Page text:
‘There certainly are huge cultural differences,’ agrees Sudeep. ‘In India, young people of 17 or 18 years old are still considered children, not adults. That means many of their decisions are made by their parents or elders. That is a huge cultural difference we need to tackle. Here students think with their parents and teachers, so we also need to persuade them. Sometimes the whole family comes here for counselling - the parents, the grandparents, aunts, uncles... They want their child to go abroad, but they worry a lot. We need to answer their concerns. That’s why the campus is a big advantage for us. We can explain that the students are safe because it’s so easy to get around.’


The local presence is bearing fruit, as evidenced by the growing number of Indian students applying to the UT. ‘At first we worked only with about 30 Indian students, but soon we got to 70 and now we will reach about 140,’ mentions Sudeep.

The UT’s work in India is currently concentrated on recruitment of students, but Marlies Overbeek points out that this is only the beginning: ‘It’s certainly not just about boosting the number of students at the UT. There has indeed been an increase in the number of Indian students coming here, but the number will not and should not grow indefinitely. We want to have a diverse student population at the UT.’

Photo of all country coordinators and 'focus countries relevant' staff. Marlies Overbeek on the far left. Photo by: Gijs van Ouwerkerk 

The university is now considering more extensive form of collaboration with and within India. ‘There is currently no country coordinator for India, but we will look into more institutional collaboration and we want to arrange more access for our scientific staff. There already are joint research projects and student exchange programs. For example, ITC has a double degree programme in their field in India. We are trying to map the activities and expand our cooperation with Indian institutes.’  Starting more institutional collaborations could therefore represent the next step for the UT-India relation. As Sudha Sudeep puts it: ‘The UT’s focus on India shows that if you work on something, the results will come. It’s no rocket science.’

Student's voice: ‘Netherlands had the most economical options’

Krittika Choudhury (MSc. Biomedical Engineering)

What made you choose Twente?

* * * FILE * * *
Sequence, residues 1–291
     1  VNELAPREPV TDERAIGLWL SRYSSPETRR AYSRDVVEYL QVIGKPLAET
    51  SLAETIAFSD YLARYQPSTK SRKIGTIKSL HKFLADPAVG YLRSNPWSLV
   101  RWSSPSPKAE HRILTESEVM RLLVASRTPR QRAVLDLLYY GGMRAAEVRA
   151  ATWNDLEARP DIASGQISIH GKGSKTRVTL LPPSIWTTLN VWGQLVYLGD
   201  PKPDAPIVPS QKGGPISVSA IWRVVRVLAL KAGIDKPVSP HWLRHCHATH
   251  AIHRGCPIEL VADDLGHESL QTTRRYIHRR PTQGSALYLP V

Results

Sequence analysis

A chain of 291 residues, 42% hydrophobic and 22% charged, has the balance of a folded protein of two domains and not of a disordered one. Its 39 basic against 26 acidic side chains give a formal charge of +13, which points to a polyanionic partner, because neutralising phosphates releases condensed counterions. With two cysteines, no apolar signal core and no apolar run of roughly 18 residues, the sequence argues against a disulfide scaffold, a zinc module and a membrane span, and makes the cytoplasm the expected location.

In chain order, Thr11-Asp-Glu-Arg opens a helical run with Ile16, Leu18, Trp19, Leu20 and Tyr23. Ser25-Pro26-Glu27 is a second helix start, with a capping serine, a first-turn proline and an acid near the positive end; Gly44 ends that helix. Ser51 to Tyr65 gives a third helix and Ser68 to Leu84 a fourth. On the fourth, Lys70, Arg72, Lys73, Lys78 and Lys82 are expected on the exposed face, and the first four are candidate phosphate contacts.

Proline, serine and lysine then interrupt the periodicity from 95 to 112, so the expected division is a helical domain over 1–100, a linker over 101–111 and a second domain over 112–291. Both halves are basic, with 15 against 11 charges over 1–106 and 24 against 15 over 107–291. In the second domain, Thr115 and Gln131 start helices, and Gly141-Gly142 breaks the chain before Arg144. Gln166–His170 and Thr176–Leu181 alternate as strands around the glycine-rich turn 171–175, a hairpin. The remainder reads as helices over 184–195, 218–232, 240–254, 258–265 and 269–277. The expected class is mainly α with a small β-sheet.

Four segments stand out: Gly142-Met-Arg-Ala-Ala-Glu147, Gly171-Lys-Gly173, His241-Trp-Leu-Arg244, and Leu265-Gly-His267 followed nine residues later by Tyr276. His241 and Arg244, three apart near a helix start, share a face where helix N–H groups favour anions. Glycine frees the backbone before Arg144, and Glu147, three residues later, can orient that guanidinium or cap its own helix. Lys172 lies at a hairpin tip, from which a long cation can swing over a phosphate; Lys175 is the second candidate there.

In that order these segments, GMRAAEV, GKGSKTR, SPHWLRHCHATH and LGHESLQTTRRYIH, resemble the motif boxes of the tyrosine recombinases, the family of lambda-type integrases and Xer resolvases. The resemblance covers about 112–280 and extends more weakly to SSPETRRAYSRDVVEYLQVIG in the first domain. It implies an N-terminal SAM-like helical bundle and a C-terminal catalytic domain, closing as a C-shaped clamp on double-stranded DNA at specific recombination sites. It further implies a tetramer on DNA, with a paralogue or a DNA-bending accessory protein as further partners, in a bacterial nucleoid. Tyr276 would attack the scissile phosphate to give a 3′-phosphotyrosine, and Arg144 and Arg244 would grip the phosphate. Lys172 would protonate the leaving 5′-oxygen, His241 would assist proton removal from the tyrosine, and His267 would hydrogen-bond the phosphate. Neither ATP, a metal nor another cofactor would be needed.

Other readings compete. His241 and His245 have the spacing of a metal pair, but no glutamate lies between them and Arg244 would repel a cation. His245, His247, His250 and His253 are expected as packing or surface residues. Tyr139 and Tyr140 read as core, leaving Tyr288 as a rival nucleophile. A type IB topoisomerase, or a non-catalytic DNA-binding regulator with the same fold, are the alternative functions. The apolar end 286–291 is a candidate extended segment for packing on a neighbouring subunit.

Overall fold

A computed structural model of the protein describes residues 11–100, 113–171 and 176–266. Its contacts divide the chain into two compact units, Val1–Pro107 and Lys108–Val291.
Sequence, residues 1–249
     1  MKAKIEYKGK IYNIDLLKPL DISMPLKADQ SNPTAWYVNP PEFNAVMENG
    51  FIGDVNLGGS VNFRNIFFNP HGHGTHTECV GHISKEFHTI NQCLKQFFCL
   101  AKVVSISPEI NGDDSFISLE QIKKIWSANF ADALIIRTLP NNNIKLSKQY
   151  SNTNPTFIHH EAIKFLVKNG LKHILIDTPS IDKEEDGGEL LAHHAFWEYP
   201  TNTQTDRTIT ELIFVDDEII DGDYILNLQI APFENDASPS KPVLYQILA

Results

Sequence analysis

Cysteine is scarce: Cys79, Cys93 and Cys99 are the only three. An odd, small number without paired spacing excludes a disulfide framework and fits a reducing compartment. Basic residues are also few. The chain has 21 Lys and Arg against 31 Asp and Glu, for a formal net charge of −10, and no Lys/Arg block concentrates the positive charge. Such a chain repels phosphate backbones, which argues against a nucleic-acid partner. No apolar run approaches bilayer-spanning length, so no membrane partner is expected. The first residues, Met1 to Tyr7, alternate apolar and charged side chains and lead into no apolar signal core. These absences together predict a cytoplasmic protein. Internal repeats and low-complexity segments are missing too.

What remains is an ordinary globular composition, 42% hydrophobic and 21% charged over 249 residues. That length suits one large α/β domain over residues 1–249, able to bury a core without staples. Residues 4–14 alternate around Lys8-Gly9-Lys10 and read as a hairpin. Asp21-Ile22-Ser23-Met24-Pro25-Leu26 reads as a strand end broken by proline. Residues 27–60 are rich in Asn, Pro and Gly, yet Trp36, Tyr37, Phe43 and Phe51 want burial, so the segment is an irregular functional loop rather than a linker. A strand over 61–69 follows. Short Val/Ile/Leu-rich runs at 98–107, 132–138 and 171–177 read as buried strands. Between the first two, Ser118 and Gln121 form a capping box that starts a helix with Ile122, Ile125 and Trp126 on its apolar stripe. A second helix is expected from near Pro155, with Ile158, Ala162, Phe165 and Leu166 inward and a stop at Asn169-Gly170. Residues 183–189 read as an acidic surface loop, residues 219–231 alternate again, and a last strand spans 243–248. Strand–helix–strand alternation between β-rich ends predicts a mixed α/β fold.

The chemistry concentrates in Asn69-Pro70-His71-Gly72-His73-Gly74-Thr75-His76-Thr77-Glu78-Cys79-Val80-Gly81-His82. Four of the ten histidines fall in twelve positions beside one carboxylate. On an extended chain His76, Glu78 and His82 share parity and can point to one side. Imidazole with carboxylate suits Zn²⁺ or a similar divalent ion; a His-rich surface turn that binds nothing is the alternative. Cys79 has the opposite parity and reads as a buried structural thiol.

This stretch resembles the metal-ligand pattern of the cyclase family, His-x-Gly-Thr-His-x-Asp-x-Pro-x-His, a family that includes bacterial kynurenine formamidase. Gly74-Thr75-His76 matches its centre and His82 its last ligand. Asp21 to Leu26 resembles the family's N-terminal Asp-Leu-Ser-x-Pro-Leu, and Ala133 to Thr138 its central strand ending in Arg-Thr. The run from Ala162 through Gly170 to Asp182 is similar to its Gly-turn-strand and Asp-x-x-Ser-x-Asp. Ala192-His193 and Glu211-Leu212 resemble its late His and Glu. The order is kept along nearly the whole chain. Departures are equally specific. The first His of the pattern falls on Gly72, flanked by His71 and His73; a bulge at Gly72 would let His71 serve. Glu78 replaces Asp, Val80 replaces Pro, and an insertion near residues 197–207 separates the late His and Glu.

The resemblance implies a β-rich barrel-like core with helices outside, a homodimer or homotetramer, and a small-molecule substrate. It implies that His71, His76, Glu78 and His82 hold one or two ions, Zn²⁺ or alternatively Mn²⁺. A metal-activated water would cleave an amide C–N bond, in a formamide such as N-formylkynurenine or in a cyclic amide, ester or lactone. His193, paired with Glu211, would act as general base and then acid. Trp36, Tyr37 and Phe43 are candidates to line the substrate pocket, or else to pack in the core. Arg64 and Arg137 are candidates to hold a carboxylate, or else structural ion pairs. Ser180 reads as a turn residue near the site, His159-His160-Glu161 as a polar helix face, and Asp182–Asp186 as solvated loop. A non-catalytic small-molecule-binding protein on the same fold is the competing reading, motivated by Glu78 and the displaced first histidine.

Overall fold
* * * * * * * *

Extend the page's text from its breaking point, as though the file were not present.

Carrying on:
‘I was determined to apply only to colleges in the Netherlands, because of the state of the art biomedical research going on here. Also because I really was not fascinated by the USA, and the UK colleges were way too expensive for international students. Netherlands had the most economical options, and apart from that the extra search year offered to international students after they graduate is a big help while looking for the next opportunity. I chose the UT because the courses here were just the right balance between the design aspect and the technical aspect of biomedical engineering.’  

Is the UT what you expected it to be?

‘It is just what I expected it to be and more. What surprised me is the involvement and approachability of the professors in every course. It is very unlike what I had experienced in India. Everyone is always available for a discussion, an opinion or advice. What I really like about studying here are the courses and, most importantly, at the risk of sounding like a complete nerd, the lab facilities and the research. What I don’t like so much is the number of people here. It’s too little. I am used to walking in a sea of people. I am also not particularly a fan of the food in the cafeterias or the fact that people cycle everywhere all the time. Of course there are cultural differences, that is unavoidable. For instance, people eat freely in classes here which is something that is really frowned upon in India. Everyone I go to class with has a strong opinion about things, and most classes are more discussion based than simply lectures. In India, the word of the professor is the law and no one doubts it.’  

Is there something the UT can do to get more Indian students and/or to make it easier for them to study here?

‘I think increasing the number of scholarships would go a long way. The thing that dissuades most Indians form pursuing a study abroad is the huge investment that it demands. There are a lot of really smart, really innovative people that just need a helping hand. Secondly, I do not understand why the UT does not offer new scholarship opportunities to students in their second year. A lot of times, people who are granted scholarships in their first year receive it purely by a twist of fate. If the UT really wants to make it easier for Indian students to consider, this is one thing that they should really keep in mind.’